Czech cities stripping Soviet-era “heroes” of their honorary citizenship

Marshal Konev’s statue

Prague councillors have voted in favour of stripping the late Soviet military commander Ivan Konev, who led the Red Army’s liberation of Prague, of his honorary citizenship. Among the reasons for the move is his repressive role within the Communist bloc in the years that followed. Others, who were honoured in the past, have suffered a similar fate.

In recent years, Czech politicians have been taking steps to remove symbols connected with the Soviet era and Russia’s war on Ukraine has only strengthened that resolve.

On Monday, Prague city councillors approved a document proposing that the Soviet military commander Ivan Konev be stripped of his honorary citizenship.

Prague Mayor Zdeněk Hřib explained the move, which still needs to be endorsed by the Prague City Assembly, to Czech Radio:

“Over time, facts have come to light proving that Konev wasn’t an upstanding man, therefore he cannot be an honorary citizen. For example after the end of the Second World War he decided to bomb Mladá Boleslav, murdering 150 civilians, including children.”

The document also mentions other controversial steps of the Red Army commander, including his part in the violent suppression of the Hungarian Uprising in 1956, and the building of the Berlin Wall.

According to some historians he also personally participated in  preparations for the Soviet-led invasion of Czechoslovakia in 1968 which resulted in more than two decades of occupation of the country by Soviet troops.

In April 2020, Marshal Konev’s statue was removed from its place in Prague’s Bubeneč district 6 for the same reasons, following mounting criticism from the public. There have also been calls to rename a street in Prague’s Žižkov district that bears his name.

The Red Army commander is not the only controversial figure in the spotlight.

On Monday, councillors of the South Bohemian town of České Budějovice voted to strip Soviet astronaut Valentina Tereshkova of her honorary citizenship.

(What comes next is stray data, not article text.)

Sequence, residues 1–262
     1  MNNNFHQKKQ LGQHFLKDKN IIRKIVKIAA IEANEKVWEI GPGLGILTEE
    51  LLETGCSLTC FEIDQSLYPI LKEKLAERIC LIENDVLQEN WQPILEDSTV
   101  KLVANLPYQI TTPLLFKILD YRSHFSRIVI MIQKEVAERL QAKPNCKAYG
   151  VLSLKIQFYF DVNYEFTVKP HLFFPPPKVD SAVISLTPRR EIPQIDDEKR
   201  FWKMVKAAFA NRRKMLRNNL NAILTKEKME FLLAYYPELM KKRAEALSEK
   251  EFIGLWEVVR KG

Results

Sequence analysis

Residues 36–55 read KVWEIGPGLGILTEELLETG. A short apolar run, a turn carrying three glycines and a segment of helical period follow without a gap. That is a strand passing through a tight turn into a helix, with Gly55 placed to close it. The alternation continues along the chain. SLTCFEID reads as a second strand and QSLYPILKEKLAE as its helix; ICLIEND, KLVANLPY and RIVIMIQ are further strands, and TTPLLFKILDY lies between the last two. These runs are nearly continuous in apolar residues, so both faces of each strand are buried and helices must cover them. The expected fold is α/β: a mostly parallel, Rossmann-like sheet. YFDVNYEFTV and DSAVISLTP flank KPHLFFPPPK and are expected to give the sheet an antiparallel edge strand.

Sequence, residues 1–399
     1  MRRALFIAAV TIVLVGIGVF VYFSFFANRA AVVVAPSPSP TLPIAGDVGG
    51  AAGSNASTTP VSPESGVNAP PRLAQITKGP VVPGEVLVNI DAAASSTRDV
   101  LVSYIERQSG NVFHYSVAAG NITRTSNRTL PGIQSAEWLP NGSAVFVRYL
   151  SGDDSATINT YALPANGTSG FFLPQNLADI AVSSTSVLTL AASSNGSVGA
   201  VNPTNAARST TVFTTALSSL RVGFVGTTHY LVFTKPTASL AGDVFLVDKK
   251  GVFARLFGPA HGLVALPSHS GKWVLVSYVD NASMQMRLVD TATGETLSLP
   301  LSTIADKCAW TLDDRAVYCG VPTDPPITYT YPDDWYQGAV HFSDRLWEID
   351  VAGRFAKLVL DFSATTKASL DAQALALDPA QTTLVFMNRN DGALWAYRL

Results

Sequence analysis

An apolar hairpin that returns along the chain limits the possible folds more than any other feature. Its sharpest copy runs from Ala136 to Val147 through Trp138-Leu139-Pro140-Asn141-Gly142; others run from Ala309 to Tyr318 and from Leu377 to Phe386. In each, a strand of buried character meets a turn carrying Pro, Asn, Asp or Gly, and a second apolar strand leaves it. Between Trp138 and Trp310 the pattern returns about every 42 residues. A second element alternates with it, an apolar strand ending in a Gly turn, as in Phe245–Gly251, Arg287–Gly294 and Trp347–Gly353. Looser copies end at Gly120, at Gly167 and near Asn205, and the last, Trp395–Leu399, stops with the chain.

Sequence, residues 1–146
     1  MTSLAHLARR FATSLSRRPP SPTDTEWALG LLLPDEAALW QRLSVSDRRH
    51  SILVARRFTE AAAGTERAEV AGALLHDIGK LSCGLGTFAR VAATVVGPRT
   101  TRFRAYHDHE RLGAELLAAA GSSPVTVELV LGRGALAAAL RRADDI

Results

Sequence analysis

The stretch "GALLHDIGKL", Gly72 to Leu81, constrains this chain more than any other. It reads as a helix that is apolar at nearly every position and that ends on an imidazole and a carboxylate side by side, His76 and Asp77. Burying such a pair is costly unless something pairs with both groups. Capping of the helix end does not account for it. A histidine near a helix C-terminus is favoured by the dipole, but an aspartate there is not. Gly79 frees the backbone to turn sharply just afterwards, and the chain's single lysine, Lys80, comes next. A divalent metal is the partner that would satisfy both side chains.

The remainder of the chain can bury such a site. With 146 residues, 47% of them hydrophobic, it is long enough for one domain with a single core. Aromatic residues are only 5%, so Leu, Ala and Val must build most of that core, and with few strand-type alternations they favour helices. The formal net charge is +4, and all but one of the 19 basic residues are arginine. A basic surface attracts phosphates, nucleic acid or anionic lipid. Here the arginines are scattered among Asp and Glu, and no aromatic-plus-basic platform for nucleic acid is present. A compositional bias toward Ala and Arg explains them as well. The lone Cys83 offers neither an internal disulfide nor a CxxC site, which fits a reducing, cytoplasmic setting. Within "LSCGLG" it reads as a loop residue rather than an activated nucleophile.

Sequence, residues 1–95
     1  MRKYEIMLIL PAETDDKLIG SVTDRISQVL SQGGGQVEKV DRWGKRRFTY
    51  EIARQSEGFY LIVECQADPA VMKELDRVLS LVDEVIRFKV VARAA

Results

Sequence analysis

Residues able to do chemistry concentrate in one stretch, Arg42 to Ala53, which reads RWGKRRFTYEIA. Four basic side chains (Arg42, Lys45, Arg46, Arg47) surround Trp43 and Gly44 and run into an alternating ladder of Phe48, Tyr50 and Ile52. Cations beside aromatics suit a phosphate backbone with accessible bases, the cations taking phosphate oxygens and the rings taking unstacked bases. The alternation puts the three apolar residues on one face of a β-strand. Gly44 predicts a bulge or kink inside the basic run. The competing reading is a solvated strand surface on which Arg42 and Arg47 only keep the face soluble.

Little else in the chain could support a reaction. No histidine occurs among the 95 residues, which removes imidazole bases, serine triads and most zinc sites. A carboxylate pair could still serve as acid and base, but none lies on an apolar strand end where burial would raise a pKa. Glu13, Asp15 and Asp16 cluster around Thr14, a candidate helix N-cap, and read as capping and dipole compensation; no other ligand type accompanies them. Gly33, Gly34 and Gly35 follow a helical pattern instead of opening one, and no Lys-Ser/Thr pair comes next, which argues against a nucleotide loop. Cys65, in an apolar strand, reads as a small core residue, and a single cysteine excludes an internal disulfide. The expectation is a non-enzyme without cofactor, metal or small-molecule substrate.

The 85-year-old politician, who is now a member of the Russian parliament’s lower chamber, is one of the most devoted supporters of Russian President Vladimir Putin and publicly backed Russia's invasion of Ukraine at the end of February.

Valentina Tereshkova | Photo: Mikhail Klimentev, Commons,  CC BY 3.0

The decision to strip her of her honorary citizenship was backed by all members of the city council, with the exception of Communist Party representatives.

Jan Hošek is the town’s councillor for the Pirate Party:

“Although Valentina Těreškovová has a positive role as an international symbol of gender equality, in recent years she has been a strong supporter of Putin’s totalitarian regime.

“The matter was discussed even before Russia’s invasion of Ukraine, but following the events there, the proposal received overwhelming support.

“There were only a few voices against her removal, which came from the Communist party councillors.”

Last year, České Budějovice councillors annulled the honorary citizenship of the Czechoslovak communist politicians Antonín Zápotocký, Václav Nosek, Zdeněk Nejedlý and Zdeněk Fierlinger.

In 2017, they also revoked the honorary citizenship of the first Czechoslovak communist president Klement Gottwald and Soviet leader Joseph Stalin.